As for the other currencies, there’s no point in discussing why a currency might be up or down 0.1%. Sometimes it could be just a big order going through a thin market – say, an insurance company has to make a payout or an exporter converting payments. Brownian motion in the FX market.
All week long we’re going to have commentary from various luminaries at the virtual Davos World Economic Forum (WEF). This year it’s been rebranded The Davos Agenda and it’s all happening online. You can see the agenda and probably tune in to any of the speeches & presentations that are open to the public.
There’s another conference today as well: The Lamfalussy Lectures Conference, named after Baron Alexandre Lamfalussy, It’s an annual conference hosted by the central bank of Hungary for central bank governors and financial professionals to discuss issues related to monetary policy and the stability of the financial system. ECB President Lagarde and her arch-enemy, Bundesbank President & ECB gadfly Jens Weidmann will be speaking there today.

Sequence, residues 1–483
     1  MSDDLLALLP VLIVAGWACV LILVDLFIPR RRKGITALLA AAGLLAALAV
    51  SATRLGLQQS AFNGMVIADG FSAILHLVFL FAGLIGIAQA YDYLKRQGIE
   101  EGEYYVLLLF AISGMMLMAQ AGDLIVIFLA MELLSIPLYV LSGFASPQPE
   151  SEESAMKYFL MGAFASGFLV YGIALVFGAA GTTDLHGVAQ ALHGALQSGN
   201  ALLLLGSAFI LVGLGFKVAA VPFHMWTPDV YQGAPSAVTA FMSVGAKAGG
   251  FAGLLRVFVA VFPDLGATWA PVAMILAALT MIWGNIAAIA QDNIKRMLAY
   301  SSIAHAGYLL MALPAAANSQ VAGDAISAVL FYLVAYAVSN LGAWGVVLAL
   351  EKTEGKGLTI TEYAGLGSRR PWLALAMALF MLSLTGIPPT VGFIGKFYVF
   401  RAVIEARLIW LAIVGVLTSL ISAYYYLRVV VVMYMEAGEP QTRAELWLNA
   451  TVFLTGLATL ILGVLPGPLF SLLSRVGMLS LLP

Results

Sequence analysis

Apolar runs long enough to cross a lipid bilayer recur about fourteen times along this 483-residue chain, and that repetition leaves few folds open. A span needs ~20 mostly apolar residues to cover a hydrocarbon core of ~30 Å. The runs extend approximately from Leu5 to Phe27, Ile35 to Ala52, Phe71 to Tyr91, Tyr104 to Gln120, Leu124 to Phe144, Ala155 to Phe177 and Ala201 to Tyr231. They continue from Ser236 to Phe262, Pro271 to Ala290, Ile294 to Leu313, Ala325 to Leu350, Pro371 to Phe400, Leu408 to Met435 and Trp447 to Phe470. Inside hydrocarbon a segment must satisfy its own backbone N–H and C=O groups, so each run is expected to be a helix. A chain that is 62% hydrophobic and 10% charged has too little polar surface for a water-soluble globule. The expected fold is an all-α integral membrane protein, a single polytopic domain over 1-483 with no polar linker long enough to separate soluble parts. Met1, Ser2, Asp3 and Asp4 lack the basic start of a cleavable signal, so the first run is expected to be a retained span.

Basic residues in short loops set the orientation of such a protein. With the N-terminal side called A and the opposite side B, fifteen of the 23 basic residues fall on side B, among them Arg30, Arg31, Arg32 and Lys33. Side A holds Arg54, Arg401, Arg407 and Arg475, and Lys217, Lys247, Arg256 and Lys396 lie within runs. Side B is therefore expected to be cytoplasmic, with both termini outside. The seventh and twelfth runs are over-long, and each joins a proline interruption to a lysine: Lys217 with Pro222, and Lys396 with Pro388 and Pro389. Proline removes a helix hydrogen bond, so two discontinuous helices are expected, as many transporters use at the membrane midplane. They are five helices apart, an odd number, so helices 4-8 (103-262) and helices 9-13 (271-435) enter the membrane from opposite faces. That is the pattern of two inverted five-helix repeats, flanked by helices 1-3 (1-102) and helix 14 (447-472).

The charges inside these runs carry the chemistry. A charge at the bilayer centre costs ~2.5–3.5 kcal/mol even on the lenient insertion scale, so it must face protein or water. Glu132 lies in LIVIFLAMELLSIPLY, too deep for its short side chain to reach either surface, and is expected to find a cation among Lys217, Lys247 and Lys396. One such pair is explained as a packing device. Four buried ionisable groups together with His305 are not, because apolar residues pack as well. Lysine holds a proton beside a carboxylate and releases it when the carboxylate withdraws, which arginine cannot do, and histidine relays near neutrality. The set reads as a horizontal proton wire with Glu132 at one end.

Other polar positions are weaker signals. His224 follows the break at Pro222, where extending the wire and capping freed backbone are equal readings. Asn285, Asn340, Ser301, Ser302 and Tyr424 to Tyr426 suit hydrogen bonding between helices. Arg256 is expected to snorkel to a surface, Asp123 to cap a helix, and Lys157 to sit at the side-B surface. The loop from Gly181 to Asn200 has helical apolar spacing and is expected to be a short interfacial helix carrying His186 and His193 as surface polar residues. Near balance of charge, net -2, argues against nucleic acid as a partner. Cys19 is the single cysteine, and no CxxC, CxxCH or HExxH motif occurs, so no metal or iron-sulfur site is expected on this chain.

(Note: this page says that Lamfalussy is known as “the father of the euro.” I thought that was odd as I’ve never heard of him before. I dug a little deeper and I noticed his Wikipedia page doesn’t mention this sobriquet. I then did a search for “father of the euro” and I got some 626k hits listing a variety of people – apparently the euro’s parentage is in wide dispute! Former Luxembourg PM Pierre Werner, whose eponymous “Werner Plan” of 1970 envisioned a single currency, seemed to come out on top with 125k hits, followed by 29k for EC President Jean-Claude Juncker, 20.8k for economist Robert Mundell (who’s sometimes described as the “spiritual” father), 5.2k for French PM Valery Giscard d’Estaing, 4.9k for Lamfalussy, 3.4k for EC President Jacque Delors, 2.8k for Italian Finance Minister Tommaso Padoa-Schioppa, 1.9k for ECB Chief Economist Otmar Issing, and far behind, 16 for Denmark’s Niels Thygesen (although at least one of those hits was because Padoa-Schiopa was mentioned in an article about him). Someone was mentioned as Portugal’s “father of the euro,” but I didn’t dig further.